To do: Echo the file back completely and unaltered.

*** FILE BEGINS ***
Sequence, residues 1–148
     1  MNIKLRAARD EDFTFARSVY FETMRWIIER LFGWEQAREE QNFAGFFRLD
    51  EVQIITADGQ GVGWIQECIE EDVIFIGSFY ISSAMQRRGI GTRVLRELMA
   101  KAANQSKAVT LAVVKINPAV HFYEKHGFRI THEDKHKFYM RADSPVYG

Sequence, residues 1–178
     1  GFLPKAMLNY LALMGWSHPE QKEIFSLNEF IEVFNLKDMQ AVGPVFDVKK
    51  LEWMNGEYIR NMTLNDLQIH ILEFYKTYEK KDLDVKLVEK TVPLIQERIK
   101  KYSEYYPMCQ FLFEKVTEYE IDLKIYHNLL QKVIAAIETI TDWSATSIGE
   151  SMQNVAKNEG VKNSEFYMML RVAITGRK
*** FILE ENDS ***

Sequence, residues 1–148
     1  MNIKLRAARD EDFTFARSVY FETMRWIIER LFGWEQAREE QNFAGFFRLD
    51  EVQIITADGQ GVGWIQECIE EDVIFIGSFY ISSAMQRRGI GTRVLRELMA
   101  KAANQSKAVT LAVVKINPAV HFYEKHGFRI THEDKHKFYM RADSPVYG

Sequence, residues 1–178
     1  GFLPKAMLNY LALMGWSHPE QKEIFSLNEF IEVFNLKDMQ AVGPVFDVKK
    51  LEWMNGEYIR NMTLNDLQIH ILEFYKTYEK KDLDVKLVEK TVPLIQERIK
   101  KYSEYYPMCQ FLFEKVTEYE IDLKIYHNLL QKVIAAIETI TDWSATSIGE
   151  SMQNVAKNEG VKNSEFYMML RVAITGRK